Paris has revealed plans to ban the most polluting vehicles from the city centre. The restrictions will start this summer, when all coaches,buses and lorries registered before 30 September 2001 will be banned from central Paris.

Parisian mayor Anne Hidalgo has introduced the rules in an effort to combat air pollution, especially particulate emissions generated by diesels and older petrol-powered vehicles.

Cars registered before 31 December 1996 and vans and light trucks registered before 30 September 1997 will also be banned from this summer. It’s understood that restricted vehicles will still be able to use the Peripherique motorway that circles Paris.

According to reports by French media, the restrictions will affect more recent cars through the rest of the this decade. By 2020, only private cars registered after 2011 and post-July 2015 motorcycles will be allowed into the centre of Paris. Restrictions on commercial vehicles and taxis will be similarly tightened.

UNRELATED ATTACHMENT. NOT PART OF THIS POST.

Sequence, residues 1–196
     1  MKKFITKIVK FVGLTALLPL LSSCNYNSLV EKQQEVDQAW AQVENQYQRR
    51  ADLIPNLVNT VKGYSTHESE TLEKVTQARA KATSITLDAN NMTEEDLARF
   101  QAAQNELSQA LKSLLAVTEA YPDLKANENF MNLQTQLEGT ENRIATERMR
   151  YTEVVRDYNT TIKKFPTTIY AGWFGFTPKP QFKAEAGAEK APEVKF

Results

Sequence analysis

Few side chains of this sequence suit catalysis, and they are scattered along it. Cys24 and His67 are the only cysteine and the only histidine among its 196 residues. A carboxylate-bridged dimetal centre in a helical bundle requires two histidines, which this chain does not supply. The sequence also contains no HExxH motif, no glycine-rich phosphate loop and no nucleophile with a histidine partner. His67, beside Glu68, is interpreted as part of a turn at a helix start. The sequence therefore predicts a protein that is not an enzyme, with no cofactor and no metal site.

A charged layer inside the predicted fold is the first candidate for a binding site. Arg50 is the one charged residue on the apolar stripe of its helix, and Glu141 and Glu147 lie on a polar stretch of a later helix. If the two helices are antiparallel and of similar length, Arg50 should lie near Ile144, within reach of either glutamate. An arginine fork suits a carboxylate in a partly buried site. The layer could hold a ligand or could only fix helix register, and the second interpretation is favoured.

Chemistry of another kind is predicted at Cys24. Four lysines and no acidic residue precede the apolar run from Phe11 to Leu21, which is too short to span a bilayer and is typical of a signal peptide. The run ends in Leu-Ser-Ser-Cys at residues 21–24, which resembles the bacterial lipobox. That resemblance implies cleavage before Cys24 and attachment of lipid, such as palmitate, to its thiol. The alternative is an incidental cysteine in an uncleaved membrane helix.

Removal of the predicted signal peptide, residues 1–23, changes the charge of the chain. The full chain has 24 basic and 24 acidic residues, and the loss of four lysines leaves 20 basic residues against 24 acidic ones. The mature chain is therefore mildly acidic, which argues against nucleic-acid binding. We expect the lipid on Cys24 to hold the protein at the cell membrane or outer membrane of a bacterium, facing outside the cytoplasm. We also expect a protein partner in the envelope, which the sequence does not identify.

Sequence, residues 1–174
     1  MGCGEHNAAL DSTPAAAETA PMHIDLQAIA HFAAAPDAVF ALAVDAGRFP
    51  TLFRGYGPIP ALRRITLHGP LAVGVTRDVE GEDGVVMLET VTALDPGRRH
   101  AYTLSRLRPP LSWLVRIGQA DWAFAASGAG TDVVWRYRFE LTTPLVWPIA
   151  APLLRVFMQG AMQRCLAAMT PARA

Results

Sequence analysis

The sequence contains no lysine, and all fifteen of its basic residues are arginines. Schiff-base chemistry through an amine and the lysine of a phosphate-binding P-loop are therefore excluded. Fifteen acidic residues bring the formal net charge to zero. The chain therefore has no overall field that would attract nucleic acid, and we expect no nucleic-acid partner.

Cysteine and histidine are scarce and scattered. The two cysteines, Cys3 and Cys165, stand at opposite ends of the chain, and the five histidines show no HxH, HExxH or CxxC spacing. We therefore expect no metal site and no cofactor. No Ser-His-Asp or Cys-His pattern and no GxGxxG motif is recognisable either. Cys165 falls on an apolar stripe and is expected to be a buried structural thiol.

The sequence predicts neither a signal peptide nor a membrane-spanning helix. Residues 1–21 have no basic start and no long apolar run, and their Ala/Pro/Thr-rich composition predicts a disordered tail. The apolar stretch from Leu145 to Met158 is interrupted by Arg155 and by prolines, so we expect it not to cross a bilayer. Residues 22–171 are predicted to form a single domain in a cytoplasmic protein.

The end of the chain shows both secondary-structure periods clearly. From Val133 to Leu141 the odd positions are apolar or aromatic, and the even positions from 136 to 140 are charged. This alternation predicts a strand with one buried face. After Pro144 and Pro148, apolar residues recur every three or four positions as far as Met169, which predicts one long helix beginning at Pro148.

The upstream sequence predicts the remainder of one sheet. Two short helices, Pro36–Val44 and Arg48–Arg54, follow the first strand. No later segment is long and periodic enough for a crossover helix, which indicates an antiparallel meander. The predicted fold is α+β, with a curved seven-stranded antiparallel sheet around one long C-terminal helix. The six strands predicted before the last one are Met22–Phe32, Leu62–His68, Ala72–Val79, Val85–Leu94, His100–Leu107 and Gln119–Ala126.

The French government is expected to offer subsidies for drivers to buy newer, cleaner cars, particularly if other French cities follow suit. Estimates as high as three million have been put on the number of cars likely to be scrapped as a result.

Other cities across Europe, including London, are looking to introduce their own restrictions on older vehicles, in response to EU air quality rules. After more than a decade focusing on carbon dioxide emissions and their contribution to global warming, regulators have caught up to the impact of localised particulate emissions and the health problems they cause.